October 9, 2013

LoseFaceBook.com: Networking for the Disgraced, Rejected and Humbled?

On a whim and from sheer curiosity, I did a Google search for “losefacebook.com”, after imagining a Japanese variant of Facebook, as a social and professional networking tool.

As I imagine it, the site could combine self-promotion with self-effacing, even self-denigrating humility of those who have, for one reason or another, like a shamed Japanese samurai, lost face and fallen into [self-perceived] disgrace.

Considering that not only would such a portal be a refreshingly social media novelty in terms of the scale of humility and self-effacement involved, but also that it could create of pool of overlooked, [self-]underrated and commiserating talent, it seems that there is a potentially huge niche for such a humbler humbled clientele.

This is a clientele that may, in virtue of perceived inferior in terms of [self-]rankings and [self-]esteem, be highly motivated to prove themselves and especially grateful for professional and social opportunities, including being headhunted.

Because “losefacebook.com” is not an active domain, I can’t tell whether it means “lose-face book” or “lose Facebook”—the latter being a rallying call to dump Facebook as a tool or, very foolishly, as a stock [recently spiking past $50 per share]. A WHOIS search revealed very little; so, for the moment, this ambiguity stands. Although both interpretations of “losefacebook” have merit, this analysis shall focus on the “lose-face book” interpretation.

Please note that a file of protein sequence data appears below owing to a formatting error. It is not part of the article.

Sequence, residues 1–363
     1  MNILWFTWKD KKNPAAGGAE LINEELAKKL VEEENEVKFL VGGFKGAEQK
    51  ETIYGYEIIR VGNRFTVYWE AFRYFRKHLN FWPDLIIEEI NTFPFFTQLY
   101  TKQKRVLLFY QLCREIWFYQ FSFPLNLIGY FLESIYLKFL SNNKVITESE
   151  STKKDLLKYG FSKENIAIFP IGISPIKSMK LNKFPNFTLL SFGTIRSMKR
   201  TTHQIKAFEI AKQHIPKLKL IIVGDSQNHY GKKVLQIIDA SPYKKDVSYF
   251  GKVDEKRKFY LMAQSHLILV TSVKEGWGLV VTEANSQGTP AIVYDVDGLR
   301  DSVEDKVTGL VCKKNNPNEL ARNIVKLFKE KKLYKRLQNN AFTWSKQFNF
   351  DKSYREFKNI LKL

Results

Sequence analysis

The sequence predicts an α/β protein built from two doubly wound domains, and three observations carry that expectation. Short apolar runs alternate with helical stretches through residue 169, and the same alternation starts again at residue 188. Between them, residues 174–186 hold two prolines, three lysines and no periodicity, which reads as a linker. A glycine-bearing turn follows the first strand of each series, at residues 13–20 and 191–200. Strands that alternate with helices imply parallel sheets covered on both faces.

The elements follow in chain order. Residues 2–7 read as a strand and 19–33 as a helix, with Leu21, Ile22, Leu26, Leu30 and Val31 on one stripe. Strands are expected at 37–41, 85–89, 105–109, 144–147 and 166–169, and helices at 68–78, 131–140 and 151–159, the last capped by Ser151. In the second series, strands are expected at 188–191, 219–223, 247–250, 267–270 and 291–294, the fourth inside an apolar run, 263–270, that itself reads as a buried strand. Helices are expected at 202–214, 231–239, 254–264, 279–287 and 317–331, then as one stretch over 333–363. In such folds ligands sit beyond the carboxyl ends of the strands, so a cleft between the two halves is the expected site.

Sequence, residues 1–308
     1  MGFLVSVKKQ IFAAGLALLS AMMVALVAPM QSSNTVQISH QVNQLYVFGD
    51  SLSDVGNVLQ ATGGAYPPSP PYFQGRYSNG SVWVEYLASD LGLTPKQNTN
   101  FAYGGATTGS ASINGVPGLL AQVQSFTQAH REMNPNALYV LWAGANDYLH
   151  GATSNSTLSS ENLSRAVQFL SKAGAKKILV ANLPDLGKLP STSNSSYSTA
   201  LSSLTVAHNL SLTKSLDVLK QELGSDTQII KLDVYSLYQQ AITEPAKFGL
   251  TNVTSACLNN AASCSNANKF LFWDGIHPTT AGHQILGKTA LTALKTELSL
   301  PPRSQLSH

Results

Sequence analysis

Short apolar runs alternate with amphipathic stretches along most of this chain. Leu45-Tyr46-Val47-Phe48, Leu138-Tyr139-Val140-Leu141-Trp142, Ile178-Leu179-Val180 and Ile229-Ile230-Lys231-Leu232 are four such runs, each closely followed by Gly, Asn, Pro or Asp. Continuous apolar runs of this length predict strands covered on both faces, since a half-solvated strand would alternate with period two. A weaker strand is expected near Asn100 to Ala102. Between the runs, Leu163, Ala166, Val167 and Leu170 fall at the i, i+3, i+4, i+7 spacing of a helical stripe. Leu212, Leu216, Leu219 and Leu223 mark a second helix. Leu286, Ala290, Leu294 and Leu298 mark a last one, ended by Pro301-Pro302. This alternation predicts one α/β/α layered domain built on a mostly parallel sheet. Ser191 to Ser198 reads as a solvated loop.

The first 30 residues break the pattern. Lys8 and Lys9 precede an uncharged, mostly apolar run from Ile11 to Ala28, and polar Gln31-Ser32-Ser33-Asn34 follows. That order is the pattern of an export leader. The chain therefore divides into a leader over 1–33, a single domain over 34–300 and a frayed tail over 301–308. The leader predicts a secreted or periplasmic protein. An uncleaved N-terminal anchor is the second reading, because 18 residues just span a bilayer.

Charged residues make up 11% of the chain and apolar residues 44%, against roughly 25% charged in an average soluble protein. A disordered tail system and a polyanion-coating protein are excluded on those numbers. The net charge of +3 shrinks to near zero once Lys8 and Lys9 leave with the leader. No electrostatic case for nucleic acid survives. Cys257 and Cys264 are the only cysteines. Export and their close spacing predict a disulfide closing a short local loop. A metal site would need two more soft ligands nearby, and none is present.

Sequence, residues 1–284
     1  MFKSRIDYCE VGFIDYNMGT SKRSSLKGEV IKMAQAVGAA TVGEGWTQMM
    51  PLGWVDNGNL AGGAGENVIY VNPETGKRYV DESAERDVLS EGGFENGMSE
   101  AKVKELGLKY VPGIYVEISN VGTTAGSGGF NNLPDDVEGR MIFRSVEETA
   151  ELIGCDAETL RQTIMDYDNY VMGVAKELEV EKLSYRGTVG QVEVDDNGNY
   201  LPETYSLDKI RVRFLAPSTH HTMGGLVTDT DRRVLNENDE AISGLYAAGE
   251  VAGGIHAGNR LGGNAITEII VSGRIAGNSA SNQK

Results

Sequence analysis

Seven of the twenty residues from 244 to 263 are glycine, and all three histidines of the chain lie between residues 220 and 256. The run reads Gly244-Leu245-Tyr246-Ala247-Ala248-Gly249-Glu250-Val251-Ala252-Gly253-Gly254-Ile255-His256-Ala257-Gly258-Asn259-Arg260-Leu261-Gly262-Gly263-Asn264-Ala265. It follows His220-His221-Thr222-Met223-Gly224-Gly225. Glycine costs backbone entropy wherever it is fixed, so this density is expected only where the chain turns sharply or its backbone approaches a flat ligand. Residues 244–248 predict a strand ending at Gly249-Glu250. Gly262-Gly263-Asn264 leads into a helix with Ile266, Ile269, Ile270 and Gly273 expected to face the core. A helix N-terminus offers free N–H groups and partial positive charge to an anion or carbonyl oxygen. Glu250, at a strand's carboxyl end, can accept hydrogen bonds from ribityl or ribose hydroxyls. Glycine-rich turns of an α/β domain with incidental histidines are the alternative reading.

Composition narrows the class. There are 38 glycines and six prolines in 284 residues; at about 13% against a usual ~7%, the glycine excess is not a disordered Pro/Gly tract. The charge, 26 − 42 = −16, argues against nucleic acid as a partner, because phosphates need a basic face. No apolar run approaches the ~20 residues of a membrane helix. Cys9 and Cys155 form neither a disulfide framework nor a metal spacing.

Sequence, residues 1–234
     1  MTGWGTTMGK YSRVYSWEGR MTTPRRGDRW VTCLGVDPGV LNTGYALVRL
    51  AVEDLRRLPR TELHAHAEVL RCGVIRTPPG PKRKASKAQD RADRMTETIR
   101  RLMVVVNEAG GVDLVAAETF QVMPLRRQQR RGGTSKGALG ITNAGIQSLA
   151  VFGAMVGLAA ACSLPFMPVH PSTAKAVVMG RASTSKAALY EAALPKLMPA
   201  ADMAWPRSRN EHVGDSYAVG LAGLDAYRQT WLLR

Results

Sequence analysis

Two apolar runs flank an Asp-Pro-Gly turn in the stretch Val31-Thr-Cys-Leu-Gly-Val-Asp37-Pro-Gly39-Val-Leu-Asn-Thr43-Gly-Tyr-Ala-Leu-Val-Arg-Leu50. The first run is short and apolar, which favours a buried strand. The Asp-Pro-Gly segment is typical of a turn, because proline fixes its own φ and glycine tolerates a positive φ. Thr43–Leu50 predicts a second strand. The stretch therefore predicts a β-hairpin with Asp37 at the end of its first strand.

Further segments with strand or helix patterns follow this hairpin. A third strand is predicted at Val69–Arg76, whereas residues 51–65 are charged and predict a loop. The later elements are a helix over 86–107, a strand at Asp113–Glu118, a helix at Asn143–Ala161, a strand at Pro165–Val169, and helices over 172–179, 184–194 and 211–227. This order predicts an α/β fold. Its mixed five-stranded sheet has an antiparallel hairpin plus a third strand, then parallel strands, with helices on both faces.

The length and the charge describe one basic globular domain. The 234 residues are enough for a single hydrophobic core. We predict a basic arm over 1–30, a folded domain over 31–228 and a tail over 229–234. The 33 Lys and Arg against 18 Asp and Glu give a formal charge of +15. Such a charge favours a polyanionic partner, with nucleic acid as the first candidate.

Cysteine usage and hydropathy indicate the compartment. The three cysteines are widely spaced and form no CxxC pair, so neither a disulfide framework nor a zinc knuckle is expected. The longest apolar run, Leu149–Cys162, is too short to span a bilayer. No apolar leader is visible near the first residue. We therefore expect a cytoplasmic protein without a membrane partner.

Perfect for Asian Cultures?

The instinctive assessment of the concept of “losefacebook.com” as a site for those who have lost face is that it’s perfect for Japan, China and other Asian nations that have a long history and norms of avoiding losing face, at all costs.

The Japanese call losing face “menboku wo ushinau” [面目を失]; in Chinese, “diu lian” [丢脸], although in both languages, there are other ways of saying this.  Of course, the most popular cultural association that losing face brings to mind is that of the samurai warrior who, bound by the code of “bushido”the way of the warrior, must make the ultimate atonement and dispatch himself.

[The beauty of the losefacebook.com concept is that it offers humbled-down self-promotion and reinvigorated job hunting as an alternative to the samurai’s career-ending “seppuku“, a.k.a. “hara kiri”—”stomach cutting”.]

Japanese resonances aside, it has been claimed that our English rendering of “lose face” is actually a Chinese “calque”—a literal verbatim translation and borrowing of the phrase from Chinese, as a loan term.

Just as, on the lighter side of failure, Japanese humor has traditionally taken the form of self-deprecating “shippai dan” [失敗談]—humorous tales of personal failure, losefacebook.com could tap into that kind of self-effacement as an attractive job candidate asset with traction among recruiters. Given China’s huge population and the historical significance and tradition of saving face there, this modest proposal may be even more compelling to the Chinese mind.

It Could Work Here Too